It took no more than 6 months for the epidemic to completely overtake the population. The town of Nice became a place of bedlam and infection. Before the age of affliction, the people of Nice lived simple lives of natural ignorance, what the bards of old would refer to as bliss.
The people of Nice were peaceful but not blameless. The town carried a certain type of dark shadow that pervades a lost people. The sun answered its call of duty every morning and shone on the land, but there was no warmth to be found. Misfits were ostracized in a manner comparable to lepers of the Roman Empire. In a population of 3000 the people took to sex and drugs for fleshly comforts, all the more unsatisfied. They replaced the rock and roll for gossip and slander to the same affect, they were loud and cool. Temporary highs and lifelong problems thrive in isolated communities like bacteria in warm corners. Little prokaryotes multiplying and moving about, stomping around to prove they exist. These were the Nice people.
One, however, deviated. Born and raised in a land which served as all he knew of the world, and a place to which he could feel no more foreign. This boy of about 13, refused to indulge in the debauchery that held his people hostage. But as the Greeks taught us, heroes are often crippled with a thorn in their flesh, which if overcome by great efforts, becomes their greatest strength. Simon was blind, legally blind. The people of Nice seemed to have disagreed, treating the poor boy’s disability as an illegal occupation. As mentioned, being a misfit, he was shunned ridiculed and thus took to the reclusive ascetic lifestyle.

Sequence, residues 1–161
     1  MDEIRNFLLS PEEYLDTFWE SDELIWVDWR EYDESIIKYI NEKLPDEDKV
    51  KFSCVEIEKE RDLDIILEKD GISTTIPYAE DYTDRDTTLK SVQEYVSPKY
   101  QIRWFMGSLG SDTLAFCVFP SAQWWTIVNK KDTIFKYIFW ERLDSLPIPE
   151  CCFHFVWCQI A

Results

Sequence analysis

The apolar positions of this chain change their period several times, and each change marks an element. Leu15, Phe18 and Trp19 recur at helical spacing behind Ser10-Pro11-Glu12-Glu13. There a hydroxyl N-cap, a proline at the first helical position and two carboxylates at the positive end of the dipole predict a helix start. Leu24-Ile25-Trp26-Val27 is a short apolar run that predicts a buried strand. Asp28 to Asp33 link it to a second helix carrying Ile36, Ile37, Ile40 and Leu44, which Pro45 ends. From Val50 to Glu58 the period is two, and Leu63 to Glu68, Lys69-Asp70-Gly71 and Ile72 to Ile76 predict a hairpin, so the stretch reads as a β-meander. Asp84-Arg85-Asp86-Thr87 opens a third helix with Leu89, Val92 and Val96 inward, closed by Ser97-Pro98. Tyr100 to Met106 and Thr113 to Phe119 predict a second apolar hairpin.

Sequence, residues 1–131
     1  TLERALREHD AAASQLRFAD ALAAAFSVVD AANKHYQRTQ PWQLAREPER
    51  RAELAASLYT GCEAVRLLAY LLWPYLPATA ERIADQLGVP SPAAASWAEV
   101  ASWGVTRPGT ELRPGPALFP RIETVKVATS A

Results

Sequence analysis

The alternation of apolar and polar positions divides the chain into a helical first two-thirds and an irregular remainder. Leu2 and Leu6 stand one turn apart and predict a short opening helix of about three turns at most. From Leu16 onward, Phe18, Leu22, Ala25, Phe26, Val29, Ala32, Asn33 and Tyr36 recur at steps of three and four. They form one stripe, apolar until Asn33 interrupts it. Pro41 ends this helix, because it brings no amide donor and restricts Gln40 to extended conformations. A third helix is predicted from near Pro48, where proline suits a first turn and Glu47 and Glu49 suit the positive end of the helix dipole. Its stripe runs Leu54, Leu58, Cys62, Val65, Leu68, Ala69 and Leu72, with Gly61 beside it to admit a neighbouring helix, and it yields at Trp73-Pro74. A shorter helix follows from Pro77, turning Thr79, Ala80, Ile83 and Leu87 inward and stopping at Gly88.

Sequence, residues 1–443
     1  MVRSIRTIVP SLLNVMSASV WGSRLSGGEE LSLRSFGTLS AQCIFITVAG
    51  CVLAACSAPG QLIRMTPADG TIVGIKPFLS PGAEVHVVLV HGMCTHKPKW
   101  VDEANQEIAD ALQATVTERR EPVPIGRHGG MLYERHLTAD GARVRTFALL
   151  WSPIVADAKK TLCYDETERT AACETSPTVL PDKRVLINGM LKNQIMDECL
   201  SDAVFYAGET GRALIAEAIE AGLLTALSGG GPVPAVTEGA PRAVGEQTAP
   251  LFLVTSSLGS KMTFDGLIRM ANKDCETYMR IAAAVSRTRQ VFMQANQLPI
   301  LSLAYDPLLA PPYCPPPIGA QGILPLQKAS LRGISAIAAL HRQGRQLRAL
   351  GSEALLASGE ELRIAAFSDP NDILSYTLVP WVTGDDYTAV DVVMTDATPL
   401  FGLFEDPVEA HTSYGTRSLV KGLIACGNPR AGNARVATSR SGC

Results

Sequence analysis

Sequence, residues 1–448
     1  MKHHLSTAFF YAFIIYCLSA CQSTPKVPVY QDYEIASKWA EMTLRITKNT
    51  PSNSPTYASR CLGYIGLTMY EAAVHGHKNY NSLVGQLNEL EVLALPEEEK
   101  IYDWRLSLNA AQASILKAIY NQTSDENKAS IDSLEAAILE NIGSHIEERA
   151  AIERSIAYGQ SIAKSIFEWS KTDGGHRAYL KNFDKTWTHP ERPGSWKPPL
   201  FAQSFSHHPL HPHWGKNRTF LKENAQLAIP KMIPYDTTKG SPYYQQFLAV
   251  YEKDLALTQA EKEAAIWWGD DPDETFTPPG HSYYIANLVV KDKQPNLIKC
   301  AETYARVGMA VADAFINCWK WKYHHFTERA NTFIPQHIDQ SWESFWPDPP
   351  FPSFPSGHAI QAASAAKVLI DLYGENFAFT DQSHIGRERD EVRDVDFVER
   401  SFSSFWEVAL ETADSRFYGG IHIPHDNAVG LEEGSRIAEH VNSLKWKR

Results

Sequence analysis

Through his humble living, he became well acquainted with loneliness. One of the perks of solitude, if I may be so bold to say, is the opportunity to center oneself and stay in touch with one’s surroundings. Simon was very aware, very present. Religiously every afternoon he would take long strolls around the land of Nice. Through the forests and the valleys he would walk taking great care to touch as we went about, adding a conscious purpose to every step. On his way home in the evening, he would stop by the town library and indulge in his favorite pastime, reading. He would spend an hour or 2 listening to audio books of the ancient classics in which he learned of relevant truths such as integrity and patience and discipline. Every book was a trip, a sweet escape.One theme prevailed his consciousness. The concept of faith fit his life like his favorite sweater, and he swore to never take it off. He became very enthralled with the notion of enjoying the fullness of life without sight. Although he was still human and his faith waned, his faith was his refuge and stronghold in the emotional desert he called home. Although the kids jeered and mocked at how he stumbled about the town like a new born fawn, his faith made him strong.
No one knew exactly how the disease came about but it moved swiftly and pungently. The infection was contracted through the exchange of bodily fluids and was marked by restricted mobility and loss of eye sight. It moved about the people indiscriminately, greeting both rich and poor. The people were blind and starving, sick and weak. They became severely primitive. All but one. Simon was blind but he was aware and thus could see. Word soon spread that there was one who knew the land and had found ways to feed. The people needed him, the same people who sang of their pleasures, shouted cries of survival. These were the Nice people.
It’s funny how these things go. The last becoming first. Again confronted by man’s curse of imperfection, Simon, with his new found power, contemplated on how best to avenge himself. He was well read however, and remembered coming across a warning about the fickle nature of power and remembered that it was his faith that had made him strong. A quenched soul has no room for revenge.
Simon from then on dedicated his life to his people who had once forsaken him what seemed so long ago, surprised with how quickly the human can forget having a heavy heart. Simon provided for them and sustained their lives in Nice for as long as he could. Selflessly he labored and although the people of Nice eventually fell to their illnesses, Simon lived on. Simon lives on, because his faith makes him strong. The spirit of Simon lives in me and you too, when you realize in irrevocable fullness that your faith makes you strong.